The Roman figurative arts, influenced by Greek art, take up many mythological figures, including that of Penelope.

The model wife

In the Odyssey, Penelope is first defined by her family relationships: daughter of Ikarios, wife of Odysseus and mother of Telemachus. At the beginning of the epic, she is characterized by her sorrow, her memories and her regrets in the absence of Ulysses. The epic refers four times to her “enduring heart” (“τετληότι θυμῷ,” tetlèoti thumôi) capable of enduring hardship, an expression also used twice to refer to her husband Odysseus. She does not leave the palace and spends most of her time upstairs in her apartments, although she sometimes goes down to the great hall on the first floor, where the suitors and Telemachus are. She shows herself obedient to her son on several occasions, when he orders her to go back up to her room in songs I and XXI.

But Penelope also takes initiatives. She shows herself to the suitors in canto IV where she insults Antinous, the leader of the suitors, and reproaches him for plotting the murder of Telemachus; she shows herself to them a second time in canto XVIII. In chant XVII, she orders the herdsman Eumée to bring the beggar (Ulysses in disguise) to her room to interrogate him and see if he would have news of her missing husband : she talks to him at length in chant XIX. She also takes the initiative of the archery contest in song XXI, an idea that was suggested to her by Athena : she goes herself to the treasure room to look for the weapon, explains the rules of the contest and supervises the setting up of it by her servant Eumée. But when she intervenes to try to authorize the beggar to participate in the contest, she is sent back to her room by Telemachus, who himself authorizes Odysseus to participate in disguise, which marks the beginning of the massacre of the suitors. Finally, she does not follow the advice of her maids or of Telemachus who are convinced that it is indeed Ulysses who is back : she takes the time to make sure by herself that he is indeed her real husband. After their reunion, Ulysses and Penelope resume their traditional roles of husband and wife: he entrusts her with the task of watching over the wealth that the suitors have not squandered while he himself considers going on raids to compensate for the losses suffered by his herds while the suitors devoured his property.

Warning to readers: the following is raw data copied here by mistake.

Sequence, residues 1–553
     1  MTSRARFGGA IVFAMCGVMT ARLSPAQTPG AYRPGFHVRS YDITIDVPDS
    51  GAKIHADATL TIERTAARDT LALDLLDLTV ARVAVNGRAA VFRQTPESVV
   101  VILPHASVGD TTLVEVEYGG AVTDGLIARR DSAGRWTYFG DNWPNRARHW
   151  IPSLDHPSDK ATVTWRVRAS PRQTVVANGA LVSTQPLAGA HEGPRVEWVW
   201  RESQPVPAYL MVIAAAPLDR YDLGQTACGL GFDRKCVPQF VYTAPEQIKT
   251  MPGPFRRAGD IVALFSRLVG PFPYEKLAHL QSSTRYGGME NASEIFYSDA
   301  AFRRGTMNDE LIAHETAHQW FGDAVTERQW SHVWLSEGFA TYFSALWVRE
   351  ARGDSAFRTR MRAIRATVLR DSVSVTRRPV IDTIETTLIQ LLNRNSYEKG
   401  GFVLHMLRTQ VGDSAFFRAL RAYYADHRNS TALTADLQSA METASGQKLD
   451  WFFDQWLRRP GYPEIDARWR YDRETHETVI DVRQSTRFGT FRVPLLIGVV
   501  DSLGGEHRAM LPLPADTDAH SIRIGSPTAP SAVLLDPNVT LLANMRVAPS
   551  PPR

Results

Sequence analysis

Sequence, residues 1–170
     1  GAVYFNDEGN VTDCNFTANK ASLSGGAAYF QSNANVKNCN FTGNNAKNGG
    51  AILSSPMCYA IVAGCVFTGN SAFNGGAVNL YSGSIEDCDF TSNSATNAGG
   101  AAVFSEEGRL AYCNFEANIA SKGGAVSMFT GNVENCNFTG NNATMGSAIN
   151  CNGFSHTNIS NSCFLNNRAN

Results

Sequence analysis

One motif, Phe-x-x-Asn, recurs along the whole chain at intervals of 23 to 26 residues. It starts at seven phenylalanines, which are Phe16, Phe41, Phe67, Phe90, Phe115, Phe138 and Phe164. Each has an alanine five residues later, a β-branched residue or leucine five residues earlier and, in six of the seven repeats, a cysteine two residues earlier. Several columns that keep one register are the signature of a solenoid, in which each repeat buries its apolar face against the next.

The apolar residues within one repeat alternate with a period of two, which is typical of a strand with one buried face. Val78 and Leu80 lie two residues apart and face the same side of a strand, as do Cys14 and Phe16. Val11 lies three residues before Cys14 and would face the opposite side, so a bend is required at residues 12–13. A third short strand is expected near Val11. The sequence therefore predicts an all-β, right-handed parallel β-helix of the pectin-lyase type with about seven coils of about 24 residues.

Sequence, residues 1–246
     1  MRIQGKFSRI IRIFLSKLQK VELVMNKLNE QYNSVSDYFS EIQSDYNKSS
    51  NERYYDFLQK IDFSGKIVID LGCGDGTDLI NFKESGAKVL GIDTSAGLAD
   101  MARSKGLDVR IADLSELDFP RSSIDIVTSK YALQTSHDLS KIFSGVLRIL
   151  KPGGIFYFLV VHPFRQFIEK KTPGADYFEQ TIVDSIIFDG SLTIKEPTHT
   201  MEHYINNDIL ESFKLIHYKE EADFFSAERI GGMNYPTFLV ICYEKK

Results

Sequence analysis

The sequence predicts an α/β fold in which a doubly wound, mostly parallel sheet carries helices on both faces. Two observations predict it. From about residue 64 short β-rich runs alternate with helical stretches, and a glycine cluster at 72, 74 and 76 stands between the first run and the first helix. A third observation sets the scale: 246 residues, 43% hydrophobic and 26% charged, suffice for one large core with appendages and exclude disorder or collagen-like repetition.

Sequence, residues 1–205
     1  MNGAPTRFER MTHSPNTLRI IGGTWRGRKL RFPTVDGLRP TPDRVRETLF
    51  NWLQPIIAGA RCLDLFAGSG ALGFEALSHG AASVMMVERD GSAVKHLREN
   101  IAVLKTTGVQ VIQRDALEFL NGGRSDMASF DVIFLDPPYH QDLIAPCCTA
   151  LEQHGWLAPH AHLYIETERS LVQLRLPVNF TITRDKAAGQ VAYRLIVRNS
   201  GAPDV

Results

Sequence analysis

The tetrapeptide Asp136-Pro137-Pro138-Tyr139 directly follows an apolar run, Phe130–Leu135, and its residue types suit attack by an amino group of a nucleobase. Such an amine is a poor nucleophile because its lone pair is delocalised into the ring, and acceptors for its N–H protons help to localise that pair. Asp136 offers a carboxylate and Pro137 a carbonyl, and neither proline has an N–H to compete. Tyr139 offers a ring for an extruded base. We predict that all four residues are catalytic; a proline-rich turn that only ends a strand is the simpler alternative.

The Odyssey thus gives Penelope the image of a model wife, who follows the traditional role of the wife in the Greek world. In Canto XXIV, the shadow of Agamemnon, in the Underworld, praises the “blameless Penelope” as a “good woman” and believes that Odysseus, by marrying her, has acquired “great virtue.

Penelope”s tricks

The Odyssey uses the Homeric epithets “περίφρων” (periphrôn) (50 occurrences) and “ἐχέφρων” (ékhéphrôn) (8 occurrences), which mean “wise”, about Penelope. In Canto II, the suitor Antinous, after relating the weaving trick, states that:

Suzanne Said believes that the epic conceives Penelope as a female figure capable of serving as a counterpart to the “cunning Odysseus”. According to her, Penelope shows herself to be the equal of Ulysses in her distrust and endurance. According to Françoise Frontisi-Ducroux, Penelope is endowed with mètis (she deploys it both in the ruse of weaving and unweaving and in the “bed test” where she verifies Odysseus” identity by referring to his work as a carpenter (since it was he who made their nuptial bed).